"I would give a great deal for just one glimpse of the Boston of your day," replied Dr. Leete. "No doubt, as you imply, the cities of that period were rather shabby affairs. If you had the taste to make them splendid, which I would not be so rude as to question, the general poverty resulting from your extraordinary industrial system would not have given you the means. Moreover, the excessive individualism which then prevailed was inconsistent with much public spirit. What little wealth you had seems almost wholly to have been lavished in private luxury. Nowadays, on the contrary, there is no destination of the surplus wealth so popular as the adornment of the city, which all enjoy in equal degree."
The sun had been setting as we returned to the house-top, and as we talked night descended upon the city.
"It is growing dark," said Dr. Leete. "Let us descend into the house; I want to introduce my wife and daughter to you."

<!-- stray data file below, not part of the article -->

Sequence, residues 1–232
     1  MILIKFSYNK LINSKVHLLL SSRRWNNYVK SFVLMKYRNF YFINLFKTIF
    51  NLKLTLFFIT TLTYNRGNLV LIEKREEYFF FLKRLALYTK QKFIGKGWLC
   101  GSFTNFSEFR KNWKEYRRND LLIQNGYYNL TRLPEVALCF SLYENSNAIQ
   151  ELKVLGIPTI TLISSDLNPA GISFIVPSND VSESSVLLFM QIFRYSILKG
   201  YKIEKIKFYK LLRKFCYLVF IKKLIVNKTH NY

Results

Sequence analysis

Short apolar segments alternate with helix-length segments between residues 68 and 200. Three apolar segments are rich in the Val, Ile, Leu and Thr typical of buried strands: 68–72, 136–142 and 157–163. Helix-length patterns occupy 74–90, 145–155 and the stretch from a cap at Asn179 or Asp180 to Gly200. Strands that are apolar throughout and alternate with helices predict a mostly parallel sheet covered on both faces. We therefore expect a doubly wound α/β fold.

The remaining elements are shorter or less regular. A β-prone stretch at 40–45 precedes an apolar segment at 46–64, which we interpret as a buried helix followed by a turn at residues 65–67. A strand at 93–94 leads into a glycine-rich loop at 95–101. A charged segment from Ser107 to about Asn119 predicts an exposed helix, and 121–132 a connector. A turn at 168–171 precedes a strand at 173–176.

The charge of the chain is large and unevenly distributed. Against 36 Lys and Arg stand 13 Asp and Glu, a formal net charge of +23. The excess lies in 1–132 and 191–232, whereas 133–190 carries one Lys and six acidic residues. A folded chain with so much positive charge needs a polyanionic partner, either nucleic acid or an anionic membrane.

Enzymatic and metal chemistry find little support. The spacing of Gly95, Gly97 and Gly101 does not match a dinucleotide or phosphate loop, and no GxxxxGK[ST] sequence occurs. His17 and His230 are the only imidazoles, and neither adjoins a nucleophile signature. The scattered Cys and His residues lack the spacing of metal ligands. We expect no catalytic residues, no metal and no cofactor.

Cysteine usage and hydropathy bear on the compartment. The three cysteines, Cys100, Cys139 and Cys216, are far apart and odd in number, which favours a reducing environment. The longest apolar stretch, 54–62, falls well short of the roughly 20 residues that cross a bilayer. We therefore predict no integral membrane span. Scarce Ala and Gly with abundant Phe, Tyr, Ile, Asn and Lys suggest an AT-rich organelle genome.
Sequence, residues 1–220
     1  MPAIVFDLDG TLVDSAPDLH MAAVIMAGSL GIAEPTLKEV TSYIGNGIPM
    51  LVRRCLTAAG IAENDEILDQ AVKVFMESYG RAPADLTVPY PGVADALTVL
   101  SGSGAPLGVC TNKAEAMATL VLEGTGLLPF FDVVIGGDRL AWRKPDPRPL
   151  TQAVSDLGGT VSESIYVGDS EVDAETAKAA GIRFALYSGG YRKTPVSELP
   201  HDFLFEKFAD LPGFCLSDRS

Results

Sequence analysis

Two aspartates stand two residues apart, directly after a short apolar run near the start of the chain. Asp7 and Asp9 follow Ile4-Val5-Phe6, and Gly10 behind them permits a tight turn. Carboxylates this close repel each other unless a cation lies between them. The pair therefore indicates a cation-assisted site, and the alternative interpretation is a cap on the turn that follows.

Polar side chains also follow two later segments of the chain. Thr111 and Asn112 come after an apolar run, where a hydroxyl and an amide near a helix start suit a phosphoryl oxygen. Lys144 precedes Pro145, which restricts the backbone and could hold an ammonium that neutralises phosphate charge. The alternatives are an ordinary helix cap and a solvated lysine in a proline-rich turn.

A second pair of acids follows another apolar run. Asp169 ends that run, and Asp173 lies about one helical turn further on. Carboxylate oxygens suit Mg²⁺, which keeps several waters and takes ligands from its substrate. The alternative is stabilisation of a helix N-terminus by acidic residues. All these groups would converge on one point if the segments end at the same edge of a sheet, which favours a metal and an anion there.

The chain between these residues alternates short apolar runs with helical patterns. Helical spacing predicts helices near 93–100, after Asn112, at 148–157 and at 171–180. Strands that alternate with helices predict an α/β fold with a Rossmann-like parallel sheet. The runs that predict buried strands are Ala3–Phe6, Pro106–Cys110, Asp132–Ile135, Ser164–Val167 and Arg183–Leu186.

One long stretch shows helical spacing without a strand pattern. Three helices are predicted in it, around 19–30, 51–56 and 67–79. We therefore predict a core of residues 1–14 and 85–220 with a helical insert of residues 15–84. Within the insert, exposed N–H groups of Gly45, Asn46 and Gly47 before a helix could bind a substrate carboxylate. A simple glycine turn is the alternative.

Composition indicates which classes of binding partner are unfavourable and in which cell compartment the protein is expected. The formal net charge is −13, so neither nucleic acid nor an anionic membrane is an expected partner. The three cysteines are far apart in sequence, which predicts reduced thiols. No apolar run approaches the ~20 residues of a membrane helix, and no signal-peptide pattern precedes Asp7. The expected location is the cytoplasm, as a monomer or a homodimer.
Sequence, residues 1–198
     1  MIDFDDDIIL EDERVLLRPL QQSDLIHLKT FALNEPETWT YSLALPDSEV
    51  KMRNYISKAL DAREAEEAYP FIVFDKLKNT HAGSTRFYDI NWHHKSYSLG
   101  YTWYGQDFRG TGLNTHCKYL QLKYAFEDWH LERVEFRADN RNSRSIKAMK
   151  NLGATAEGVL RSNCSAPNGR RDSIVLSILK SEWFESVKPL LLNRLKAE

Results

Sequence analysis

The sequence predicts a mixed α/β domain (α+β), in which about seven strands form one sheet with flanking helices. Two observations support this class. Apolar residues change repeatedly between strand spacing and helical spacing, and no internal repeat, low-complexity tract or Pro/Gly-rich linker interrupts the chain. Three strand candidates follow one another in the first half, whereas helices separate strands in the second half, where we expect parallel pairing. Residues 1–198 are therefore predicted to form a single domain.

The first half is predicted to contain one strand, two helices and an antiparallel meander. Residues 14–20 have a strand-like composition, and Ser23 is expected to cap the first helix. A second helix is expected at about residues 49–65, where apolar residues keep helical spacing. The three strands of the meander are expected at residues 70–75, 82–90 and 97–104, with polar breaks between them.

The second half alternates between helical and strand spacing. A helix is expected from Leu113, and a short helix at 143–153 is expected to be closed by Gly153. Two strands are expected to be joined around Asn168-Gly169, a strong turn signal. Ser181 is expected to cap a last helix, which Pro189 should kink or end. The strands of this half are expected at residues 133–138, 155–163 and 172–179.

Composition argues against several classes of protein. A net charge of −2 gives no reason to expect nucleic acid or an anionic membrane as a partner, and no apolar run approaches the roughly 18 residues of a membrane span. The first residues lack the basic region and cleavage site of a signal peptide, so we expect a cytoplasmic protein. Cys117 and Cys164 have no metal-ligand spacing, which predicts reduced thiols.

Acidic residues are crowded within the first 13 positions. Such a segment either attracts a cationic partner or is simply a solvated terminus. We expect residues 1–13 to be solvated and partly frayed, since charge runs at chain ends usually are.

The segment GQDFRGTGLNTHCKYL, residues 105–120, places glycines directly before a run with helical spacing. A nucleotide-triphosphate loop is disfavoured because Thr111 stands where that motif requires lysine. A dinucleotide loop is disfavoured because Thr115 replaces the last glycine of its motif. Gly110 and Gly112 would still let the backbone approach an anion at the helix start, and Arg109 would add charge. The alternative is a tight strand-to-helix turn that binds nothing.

His words recalled to me the feminine voices which I had heard whispering about me as I was coming back to conscious life; and, most curious to learn what the ladies of the year 2000 were like, I assented with alacrity to the proposition. The apartment in which we found the wife and daughter of my host, as well as the entire interior of the house, was filled with a mellow light, which I knew must be artificial, although I could not discover the source from which it was diffused. Mrs. Leete was an exceptionally fine looking and well preserved woman of about her husband's age, while the daughter, who was in the first blush of womanhood, was the most beautiful girl I had ever seen. Her face was as bewitching as deep blue eyes, delicately tinted complexion, and perfect features could make it, but even had her countenance lacked special charms, the faultless luxuriance of her figure would have given her place as a beauty among the women of the nineteenth century. Feminine softness and delicacy were in this lovely creature deliciously combined with an appearance of health and abounding physical vitality too often lacking in the maidens with whom alone I could compare her. It was a coincidence trifling in comparison with the general strangeness of the situation, but still striking, that her name should be Edith.